World leaders can agree on the same ambitious goals for encouraging a more global economy, but not the means for arriving there
DAVOS - There is true consensus at Davos: it can no longer be business as usual. Heads of state, corporate leaders and intellectuals gathered here share the belief that we must establish "shared norms for a new reality," to borrow the title theme of this year's edition of the World Economic Forum. That's planning for the long haul!
We've needed new rules for finance after the terrible mess of the 2008 meltdown. Moreover, food security must be improve; it would be criminal not to push forward on negotiations for climate change; and dwindling natural resources will be our next great challenge. And, above all, no country can continue working in its own little corner, according to its own particular interests, a point that has been made in different ways by figures as varied as Russian President Dmitry Medvedev, Indonesian President Susilo Bambang Yudhoyono and French President Nicolas Sarkozy. The last century was that of the nation-state, until their mortal, repeated clashes. The new century is that of globalization, so often celebrated in Davos.
And yet…while we see much convergence towards the ends, there is much less agreement on the means, as happens when we suddenly find we are no longer in a hurry. In finance, bankers argue that the essential is done, and deploy all their powers of persuasion to explain that the next crisis will come from others who are less well monitored. In food, countries like Russia and Ukraine blocked their exports last year. On the climate front, preparations for the Durban conference leave no hope for a more triumphant outcome than the summits in Cancun or Copenhagen.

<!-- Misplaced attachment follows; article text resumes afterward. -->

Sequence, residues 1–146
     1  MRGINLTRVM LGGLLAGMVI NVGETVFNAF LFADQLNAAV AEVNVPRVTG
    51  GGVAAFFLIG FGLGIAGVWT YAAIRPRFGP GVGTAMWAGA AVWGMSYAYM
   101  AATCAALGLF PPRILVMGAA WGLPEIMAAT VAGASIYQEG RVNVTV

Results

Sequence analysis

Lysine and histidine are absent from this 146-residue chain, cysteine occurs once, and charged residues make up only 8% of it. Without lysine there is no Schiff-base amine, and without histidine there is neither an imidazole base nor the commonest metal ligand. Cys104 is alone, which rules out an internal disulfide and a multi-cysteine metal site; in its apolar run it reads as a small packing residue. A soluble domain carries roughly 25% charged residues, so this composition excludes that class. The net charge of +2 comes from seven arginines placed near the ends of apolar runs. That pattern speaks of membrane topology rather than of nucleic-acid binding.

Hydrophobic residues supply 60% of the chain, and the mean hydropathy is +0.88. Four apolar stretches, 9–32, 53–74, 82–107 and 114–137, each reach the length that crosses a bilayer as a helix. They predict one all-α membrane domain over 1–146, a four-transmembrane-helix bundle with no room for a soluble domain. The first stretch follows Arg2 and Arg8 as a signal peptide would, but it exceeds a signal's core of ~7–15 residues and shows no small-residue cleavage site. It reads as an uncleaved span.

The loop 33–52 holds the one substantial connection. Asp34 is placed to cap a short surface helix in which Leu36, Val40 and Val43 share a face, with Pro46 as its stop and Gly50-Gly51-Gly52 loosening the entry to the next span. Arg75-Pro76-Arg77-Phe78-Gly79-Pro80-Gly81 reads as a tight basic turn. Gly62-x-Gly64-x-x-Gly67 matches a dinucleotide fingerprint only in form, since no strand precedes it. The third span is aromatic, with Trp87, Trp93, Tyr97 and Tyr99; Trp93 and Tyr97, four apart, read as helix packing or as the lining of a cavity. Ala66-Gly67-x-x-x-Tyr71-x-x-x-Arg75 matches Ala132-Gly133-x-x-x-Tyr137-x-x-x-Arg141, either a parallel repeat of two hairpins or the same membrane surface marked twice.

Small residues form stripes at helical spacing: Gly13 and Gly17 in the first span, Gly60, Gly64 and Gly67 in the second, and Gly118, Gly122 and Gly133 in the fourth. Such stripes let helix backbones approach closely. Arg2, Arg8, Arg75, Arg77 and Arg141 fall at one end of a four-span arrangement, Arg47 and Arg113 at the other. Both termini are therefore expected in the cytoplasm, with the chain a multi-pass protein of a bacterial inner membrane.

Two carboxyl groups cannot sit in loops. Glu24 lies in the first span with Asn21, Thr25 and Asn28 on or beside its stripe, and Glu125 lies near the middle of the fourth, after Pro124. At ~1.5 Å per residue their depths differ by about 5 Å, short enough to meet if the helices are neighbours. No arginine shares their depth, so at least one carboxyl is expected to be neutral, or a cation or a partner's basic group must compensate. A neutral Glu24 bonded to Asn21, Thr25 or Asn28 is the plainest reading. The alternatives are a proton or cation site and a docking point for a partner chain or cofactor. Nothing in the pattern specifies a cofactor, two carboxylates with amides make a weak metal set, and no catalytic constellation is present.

Nicolas Sarkozy embodied the contradiction. Having come to speak at Davos as chair of the G8 and G20, he wanted to put forward practical solutions. But finding solutions means forcing change. And this affects short-term interests. To finance the $120 billion annually that developed countries have pledged to poor countries beginning in 2020, in order to help finance a greener economy, the French president spoke of micro taxation of financial transactions. The message fell on deaf ears in Davos.
The pessimists will draw the conclusion that the G20 is heading toward "G0", a term coined by the American scholar Ian Bremmer to indicate a world without leadership. The optimists will respond that the new ideas must to be repeated often enough to find their way inside to each one of our heads.
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